Tuesday, June 14, 2011

Secure Communities Not So Helpful

There is much controversy over U.S. Immigration and Customs Enforcement's Secure Communities program. Secure Communities is the program where all fingerprints of arrestees are compared to the Department of Homeland Security's fingerprint database. Those who are revealed to be aliens are reviewed and placed in removal proceedings. The radical left is, of course, on the warpath against Secure Communities. To them it is an abomination to deport any alien, much less a criminal alien.

But the shock is contained in a recent article on Secure Communities and New York's withdrawal from the program:

ALBANY — Gov. Andrew Cuomo's recent decision to pull New York out of the federal Secure Communities program has been hailed by Democrats and immigration groups. But the praise isn't universal, and some police officers and lawmakers are criticizing the decision, saying it could hurt law enforcement efforts.

On June 1, New York followed Illinois as the second state to withdraw from the controversial program amid concerns that it is unfairly targeting immigrants who are accused of minor infractions. Massachusetts followed suit on Monday.

But the move has drawn criticism from some police agencies in New York and has prompted the head of the state Senate Homeland Security Committee, Sen. Greg Ball, R-Patterson, Putnam County, to hold a hearing Wednesday in Albany to scrutinize Cuomo's decision.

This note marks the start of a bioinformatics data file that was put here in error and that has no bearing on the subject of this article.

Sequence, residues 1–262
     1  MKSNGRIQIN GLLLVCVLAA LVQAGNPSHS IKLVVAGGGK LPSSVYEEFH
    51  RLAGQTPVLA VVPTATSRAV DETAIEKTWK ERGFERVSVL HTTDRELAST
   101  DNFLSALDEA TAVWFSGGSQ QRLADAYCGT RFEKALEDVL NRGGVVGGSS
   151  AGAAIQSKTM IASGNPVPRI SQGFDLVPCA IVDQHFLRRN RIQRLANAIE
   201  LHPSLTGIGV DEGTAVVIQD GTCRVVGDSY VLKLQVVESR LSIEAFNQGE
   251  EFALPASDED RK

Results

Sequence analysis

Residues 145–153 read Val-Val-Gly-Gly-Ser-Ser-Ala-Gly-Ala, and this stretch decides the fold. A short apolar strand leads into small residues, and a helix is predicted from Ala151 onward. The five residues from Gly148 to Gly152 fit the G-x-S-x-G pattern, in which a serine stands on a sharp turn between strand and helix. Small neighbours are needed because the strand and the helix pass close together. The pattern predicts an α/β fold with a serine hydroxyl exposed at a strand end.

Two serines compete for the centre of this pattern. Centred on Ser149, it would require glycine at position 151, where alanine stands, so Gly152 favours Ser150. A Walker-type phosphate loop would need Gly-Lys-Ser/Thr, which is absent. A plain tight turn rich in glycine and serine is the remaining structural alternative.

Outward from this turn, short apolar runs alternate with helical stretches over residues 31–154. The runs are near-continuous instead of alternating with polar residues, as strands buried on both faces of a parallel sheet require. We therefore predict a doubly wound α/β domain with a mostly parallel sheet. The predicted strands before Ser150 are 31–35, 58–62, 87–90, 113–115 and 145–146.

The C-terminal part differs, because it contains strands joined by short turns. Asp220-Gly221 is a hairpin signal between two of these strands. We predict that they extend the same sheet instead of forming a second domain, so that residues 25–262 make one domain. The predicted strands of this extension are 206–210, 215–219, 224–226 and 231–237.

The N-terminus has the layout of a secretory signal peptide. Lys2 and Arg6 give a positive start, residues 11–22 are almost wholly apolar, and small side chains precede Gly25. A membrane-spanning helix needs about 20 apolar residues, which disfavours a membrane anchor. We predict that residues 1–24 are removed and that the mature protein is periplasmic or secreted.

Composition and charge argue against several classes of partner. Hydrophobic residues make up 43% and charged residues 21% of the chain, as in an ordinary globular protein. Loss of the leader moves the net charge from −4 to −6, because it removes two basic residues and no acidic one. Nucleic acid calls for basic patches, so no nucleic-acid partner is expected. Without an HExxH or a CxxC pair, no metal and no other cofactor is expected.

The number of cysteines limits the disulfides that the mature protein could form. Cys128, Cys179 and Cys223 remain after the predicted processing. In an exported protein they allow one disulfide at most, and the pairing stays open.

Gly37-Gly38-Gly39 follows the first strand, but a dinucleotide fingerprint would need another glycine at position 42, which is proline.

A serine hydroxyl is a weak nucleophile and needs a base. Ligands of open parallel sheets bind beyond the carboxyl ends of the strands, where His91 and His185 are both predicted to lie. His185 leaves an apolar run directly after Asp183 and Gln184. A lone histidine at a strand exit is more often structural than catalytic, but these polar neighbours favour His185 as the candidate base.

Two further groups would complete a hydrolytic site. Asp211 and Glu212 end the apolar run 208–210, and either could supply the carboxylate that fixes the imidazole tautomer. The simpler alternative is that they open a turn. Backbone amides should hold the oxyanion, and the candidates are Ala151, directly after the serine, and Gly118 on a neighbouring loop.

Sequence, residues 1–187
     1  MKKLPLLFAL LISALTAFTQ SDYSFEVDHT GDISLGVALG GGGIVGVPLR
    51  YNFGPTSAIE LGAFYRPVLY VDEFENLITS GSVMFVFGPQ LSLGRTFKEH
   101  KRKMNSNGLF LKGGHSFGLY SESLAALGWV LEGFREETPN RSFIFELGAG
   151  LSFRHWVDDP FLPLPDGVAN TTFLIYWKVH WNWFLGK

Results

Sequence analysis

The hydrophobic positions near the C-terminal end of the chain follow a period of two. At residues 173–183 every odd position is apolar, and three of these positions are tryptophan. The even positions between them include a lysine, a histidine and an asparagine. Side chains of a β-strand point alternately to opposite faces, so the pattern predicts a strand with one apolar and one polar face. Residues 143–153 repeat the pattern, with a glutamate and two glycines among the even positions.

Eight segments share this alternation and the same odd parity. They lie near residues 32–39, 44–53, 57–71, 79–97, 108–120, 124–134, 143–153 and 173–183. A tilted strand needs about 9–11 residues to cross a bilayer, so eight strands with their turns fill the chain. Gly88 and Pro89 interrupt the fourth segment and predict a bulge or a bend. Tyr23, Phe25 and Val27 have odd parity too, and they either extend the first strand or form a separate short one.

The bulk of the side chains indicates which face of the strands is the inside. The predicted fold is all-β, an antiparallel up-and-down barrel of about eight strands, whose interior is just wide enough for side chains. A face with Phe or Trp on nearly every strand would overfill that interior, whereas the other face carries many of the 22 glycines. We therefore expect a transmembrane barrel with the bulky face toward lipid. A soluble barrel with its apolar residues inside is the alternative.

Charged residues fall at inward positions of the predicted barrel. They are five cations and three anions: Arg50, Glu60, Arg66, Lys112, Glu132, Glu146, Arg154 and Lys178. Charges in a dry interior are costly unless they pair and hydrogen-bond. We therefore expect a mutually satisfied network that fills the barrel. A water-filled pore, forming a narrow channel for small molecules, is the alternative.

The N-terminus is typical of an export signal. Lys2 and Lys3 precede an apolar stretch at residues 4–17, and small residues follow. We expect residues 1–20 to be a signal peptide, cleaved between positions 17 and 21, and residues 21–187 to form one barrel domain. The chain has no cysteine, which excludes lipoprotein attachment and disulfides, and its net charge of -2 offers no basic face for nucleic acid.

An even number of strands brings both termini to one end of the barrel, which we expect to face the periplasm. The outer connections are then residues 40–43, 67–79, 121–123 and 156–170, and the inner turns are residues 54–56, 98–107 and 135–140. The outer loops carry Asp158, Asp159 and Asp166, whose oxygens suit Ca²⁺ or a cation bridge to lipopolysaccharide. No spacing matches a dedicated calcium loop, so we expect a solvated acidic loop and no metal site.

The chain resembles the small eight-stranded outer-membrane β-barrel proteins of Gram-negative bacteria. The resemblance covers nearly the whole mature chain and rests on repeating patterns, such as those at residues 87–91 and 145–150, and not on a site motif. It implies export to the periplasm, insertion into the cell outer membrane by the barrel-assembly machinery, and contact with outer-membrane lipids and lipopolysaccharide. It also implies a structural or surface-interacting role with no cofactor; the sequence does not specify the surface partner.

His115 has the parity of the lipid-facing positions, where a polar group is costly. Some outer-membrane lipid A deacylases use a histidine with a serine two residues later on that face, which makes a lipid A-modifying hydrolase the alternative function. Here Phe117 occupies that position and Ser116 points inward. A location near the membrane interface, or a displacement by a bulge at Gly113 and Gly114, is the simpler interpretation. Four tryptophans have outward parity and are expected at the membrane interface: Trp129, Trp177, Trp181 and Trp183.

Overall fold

Ball said he was concerned that withdrawing from the program would hurt police efforts to identify potential criminals who are in the country illegally. He accused the Democratic governor of trying to appease his liberal base.

"He shouldn't be using fundamental tools for law enforcement to do that. I strongly ask that he reconsider," said Ball, who wrote a letter to Homeland Security Secretary Janet Napolitano asking that New York's participation be reinstated.

Still, the practical implications of Cuomo's decision appear to be minimal. The federal government plans to continue the program in New York as it conducts its own investigation.

"I don't think we're really upset about it because from a practical point of view, it's not going to make much of a difference," Peter Kehoe, executive director of the state Sheriffs' Association, said of Cuomo's decision.

The program, started in 2008 nationally, is aimed at better identifying criminals when they are apprehended by local law enforcement. Fingerprints of those arrested are shared with the FBI and the U.S. Immigration and Customs Enforcement, allowing the agencies to match any potential illegal immigrants.

Since it started, more than 151,000 convicted criminals who are illegal immigrants have been taken into federal custody, according to Immigration and Customs Enforcement. Roughly 77,000 have been removed from the U.S.

That is quite shocking. That is only just over half of those arrested, not just those identified as aliens, have been removed. That means almost half of the aliens with arrest and criminal records are still wandering the streets of the U.S. Which should not so much a surprise given the case of Jose Manuel Gonzalez-Sandoval. He was another deportable criminal alien who was released as part of the Obama Regime administrative amnesty.

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